4. If you do, you will find that in your case, as in the case of the prodigal, there will be a real, solid new beginning and new start. The impossible will happen and you will be amazed and astounded at what you will discover. In Jesus Christ, a real genuine new start, and new beginning are possible. And they are possible alone in Him! We see the prodigal son’s father rushing to him as he sees him returning, kissing him, stripping him of his filthy rags of clothes, preparing a huge celebration feast, treating him like the son he always was and not the beggar he had become. God is amazing and surprising. He rises far above our way of thought.
  5. But in order to have a really new start, I require something further. It is not enough that every trace of my past be removed, I require something in the present. I desire to be clothed, I must be robed. I need confidence to start afresh and to face life and its people and its problems. The father does not stop at kissing his son and removing his filthy rags, he clothes the boy with dress that is worthy of a son and places a ring on his finger. He announced to all that his son has returned and clothes him so as to make him feel unashamed when he meets people. No one else could do that but the father.

It is precisely the same with us when we turn to God. he not only forgives and blots out the past, He makes us sons and daughters. He gives us new life and new power. He will so assure you of His love that you will be able to face others unashamed. He will clothe you with the robe of Christ’s righteousness [right standing], He will not only tell you that He regard you as a child, but make you feel that you are one….The world only tries to clean the old suit and make it look respectable. God in Christ alone can clothe us with the new robe and really make us strong. Let the world try to point its finger and remind us of our past. Let it do its worst; we have but to look at the robe and the shoes and the ring, and all is well.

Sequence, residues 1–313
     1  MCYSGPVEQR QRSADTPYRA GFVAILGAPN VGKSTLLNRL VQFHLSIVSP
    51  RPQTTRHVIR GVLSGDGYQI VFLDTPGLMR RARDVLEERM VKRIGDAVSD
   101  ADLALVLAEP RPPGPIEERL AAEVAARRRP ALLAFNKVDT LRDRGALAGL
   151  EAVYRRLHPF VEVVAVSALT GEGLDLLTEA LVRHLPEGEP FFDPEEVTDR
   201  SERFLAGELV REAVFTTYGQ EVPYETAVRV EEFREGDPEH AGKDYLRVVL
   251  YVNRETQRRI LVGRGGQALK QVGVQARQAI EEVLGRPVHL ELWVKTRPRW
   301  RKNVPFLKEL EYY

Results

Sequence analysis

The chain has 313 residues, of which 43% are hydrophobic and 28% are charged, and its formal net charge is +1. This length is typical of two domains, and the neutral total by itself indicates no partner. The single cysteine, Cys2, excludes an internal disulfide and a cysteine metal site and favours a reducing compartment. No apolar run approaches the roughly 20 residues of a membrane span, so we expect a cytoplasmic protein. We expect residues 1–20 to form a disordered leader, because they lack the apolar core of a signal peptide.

Here is opportunity for a real new beginning. It is the only way. God Himself has made it possible by sending His only Son into this world, to live and die and rise again. It matters not at all what you have been, nor what you are like at the moment. You have but to come to God confessing your sins again Him, casting yourself upon His mercy in Jesus Christ, acknowledging that He alone can save and keep, and you will find that

The past shall be forgotten,

The present joy be given,

A future grace be promised,

A glorious crown in heaven.

My prayer for us all this new year is that we don’t waste time or waste our lives, waiting for some unknown imaginary event or new year resolution to improve our lot. Faith in Christ alone will do that. Such an amazing gift, such a wonderful, unfathomable promise. Time to leave the pig sty and return to the Father.

 
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Posted by on January 3, 2012 in Grace, Jesus, Salvation, Sin, The Journey

 

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Doors, Part Two

My second “ah ha” about “doors” this past week is the mistaken but common assumption that the scripture in Revelation—“Behold, I stand at the door and knock. If anyone hears my voice and opens the door, I will come in to him and eat with him, and he with me”—refers to Christ’s call to the heart of the unbeliever. But this is not in context.